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Original Investigation
May 25, 2009

Discussions With Physicians About Hospice Among Patients With Metastatic Lung Cancer

Author Affiliations

Author Affiliations: Department of Health Care Policy, Harvard Medical School (Drs Huskamp, Keating, Zaslavsky, He, and Ayanian), Division of General Internal Medicine, Brigham and Women's Hospital (Drs Keating and Ayanian), and Division of Population Sciences, Dana-Farber Cancer Institute (Dr Weeks), Boston, Massachusetts; Department of Medicine (Dr Malin) and Division of General Internal Medicine (Dr Kahn), David Geffen School of Medicine, University of California, Los Angeles, and Veterans Affairs Health Care System, Greater Los Angeles (Dr Malin), Los Angeles; RAND Corporation, Santa Monica, California (Drs Malin and Kahn); Institute for Clinical Evaluative Sciences, Sunnybrook Health Sciences Center, Toronto, Ontario, Canada (Dr Earle); Center for Gerontology and Health Care Research, Department of Community Health, Warren Alpert Medical School, Brown University, Providence, Rhode Island (Dr Teno); and Department of Health Policy and Management, University of Minnesota, Minneapolis (Dr Virnig).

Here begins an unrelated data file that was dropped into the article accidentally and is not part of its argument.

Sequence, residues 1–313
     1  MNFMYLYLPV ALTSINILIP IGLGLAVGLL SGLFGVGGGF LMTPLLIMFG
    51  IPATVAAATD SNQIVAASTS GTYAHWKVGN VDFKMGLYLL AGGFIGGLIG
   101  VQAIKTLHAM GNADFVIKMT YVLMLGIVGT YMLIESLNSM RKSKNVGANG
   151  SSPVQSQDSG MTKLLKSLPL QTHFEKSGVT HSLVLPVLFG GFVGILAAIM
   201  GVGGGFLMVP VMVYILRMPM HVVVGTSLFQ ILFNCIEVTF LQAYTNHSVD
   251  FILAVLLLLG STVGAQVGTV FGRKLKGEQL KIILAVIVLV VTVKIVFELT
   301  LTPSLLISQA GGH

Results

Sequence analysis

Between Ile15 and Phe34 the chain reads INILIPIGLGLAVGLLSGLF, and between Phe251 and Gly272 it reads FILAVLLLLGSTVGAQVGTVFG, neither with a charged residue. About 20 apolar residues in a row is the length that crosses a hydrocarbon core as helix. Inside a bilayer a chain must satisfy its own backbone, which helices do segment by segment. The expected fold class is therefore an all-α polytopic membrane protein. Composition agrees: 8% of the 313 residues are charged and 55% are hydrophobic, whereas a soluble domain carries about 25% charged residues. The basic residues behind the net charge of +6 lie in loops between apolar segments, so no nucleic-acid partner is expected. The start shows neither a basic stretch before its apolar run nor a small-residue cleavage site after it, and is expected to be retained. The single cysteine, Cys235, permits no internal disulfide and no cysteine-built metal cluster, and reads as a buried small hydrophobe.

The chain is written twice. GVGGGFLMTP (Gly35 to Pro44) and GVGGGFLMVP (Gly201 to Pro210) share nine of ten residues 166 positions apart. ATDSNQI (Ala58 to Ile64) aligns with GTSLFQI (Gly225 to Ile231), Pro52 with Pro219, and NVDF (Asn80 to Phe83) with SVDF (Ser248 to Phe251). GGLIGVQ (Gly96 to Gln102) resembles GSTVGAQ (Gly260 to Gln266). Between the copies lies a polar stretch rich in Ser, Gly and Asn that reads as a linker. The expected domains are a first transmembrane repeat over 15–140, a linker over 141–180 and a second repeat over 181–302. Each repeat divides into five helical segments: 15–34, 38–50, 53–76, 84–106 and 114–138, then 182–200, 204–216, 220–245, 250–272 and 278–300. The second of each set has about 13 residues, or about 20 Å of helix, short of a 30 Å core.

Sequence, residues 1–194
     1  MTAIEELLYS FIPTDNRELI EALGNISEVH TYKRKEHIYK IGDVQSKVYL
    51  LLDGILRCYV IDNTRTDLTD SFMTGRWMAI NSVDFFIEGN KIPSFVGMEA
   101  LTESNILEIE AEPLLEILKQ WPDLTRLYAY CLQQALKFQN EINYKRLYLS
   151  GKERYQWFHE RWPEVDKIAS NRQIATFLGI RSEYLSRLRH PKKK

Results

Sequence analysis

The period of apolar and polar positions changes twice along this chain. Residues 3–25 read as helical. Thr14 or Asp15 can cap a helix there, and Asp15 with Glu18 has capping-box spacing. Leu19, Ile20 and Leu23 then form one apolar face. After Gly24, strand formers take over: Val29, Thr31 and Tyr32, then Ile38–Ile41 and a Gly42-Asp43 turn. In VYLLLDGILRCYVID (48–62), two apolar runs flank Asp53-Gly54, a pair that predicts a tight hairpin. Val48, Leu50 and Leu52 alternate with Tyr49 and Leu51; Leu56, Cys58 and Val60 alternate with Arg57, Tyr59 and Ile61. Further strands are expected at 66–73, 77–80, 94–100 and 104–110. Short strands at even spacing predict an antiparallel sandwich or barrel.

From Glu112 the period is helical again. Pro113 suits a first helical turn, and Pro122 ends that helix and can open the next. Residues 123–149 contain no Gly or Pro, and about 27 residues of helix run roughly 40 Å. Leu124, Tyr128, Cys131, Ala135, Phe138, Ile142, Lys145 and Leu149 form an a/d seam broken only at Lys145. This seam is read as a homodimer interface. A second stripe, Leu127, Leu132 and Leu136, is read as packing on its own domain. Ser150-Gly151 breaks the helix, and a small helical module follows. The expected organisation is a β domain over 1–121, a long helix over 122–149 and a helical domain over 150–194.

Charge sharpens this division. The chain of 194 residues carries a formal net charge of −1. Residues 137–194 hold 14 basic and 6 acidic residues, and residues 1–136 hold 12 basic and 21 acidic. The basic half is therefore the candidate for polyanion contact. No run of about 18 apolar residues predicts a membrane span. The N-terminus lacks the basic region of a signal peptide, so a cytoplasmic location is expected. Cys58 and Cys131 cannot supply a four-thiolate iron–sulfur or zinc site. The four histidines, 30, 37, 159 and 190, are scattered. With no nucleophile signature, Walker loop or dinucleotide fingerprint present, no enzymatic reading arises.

Arch Intern Med. 2009;169(10):954-962. doi:10.1001/archinternmed.2009.127
Abstract

Background  Many terminally ill patients enroll in hospice only in the final days before death or not at all. Discussing hospice with a health care provider could increase awareness of hospice and possibly result in earlier use.

Methods  We used data on 1517 patients diagnosed as having stage IV lung cancer from a multiregional study. We estimated logistic regression models for the probability that a patient discussed hospice with a physician or other health care provider before an interview 4 to 7 months after diagnosis as reported by either the patient or surrogate or documented in the medical record.

Results  Half (53%) of the patients had discussed hospice with a provider. Patients who were black, Hispanic, non-English speaking, married or living with a partner, Medicaid beneficiaries, or had received chemotherapy were less likely to have discussed hospice. Only 53% of individuals who died within 2 months after the interview had discussed hospice, and rates were lower among those who lived longer. Patients who reported that they expected to live less than 2 years had much higher rates of discussion than those expecting to live longer. Patients reporting the most severe pain or dyspnea were no more likely to have discussed hospice than those reporting less severe or no symptoms. A third of patients who reported discussing do-not-resuscitate preferences with a physician had also discussed hospice.

Conclusions  Many patients diagnosed as having metastatic lung cancer had not discussed hospice with a provider within 4 to 7 months after diagnosis. Increased communication with physicians could address patients' lack of awareness about hospice and misunderstandings about prognosis.

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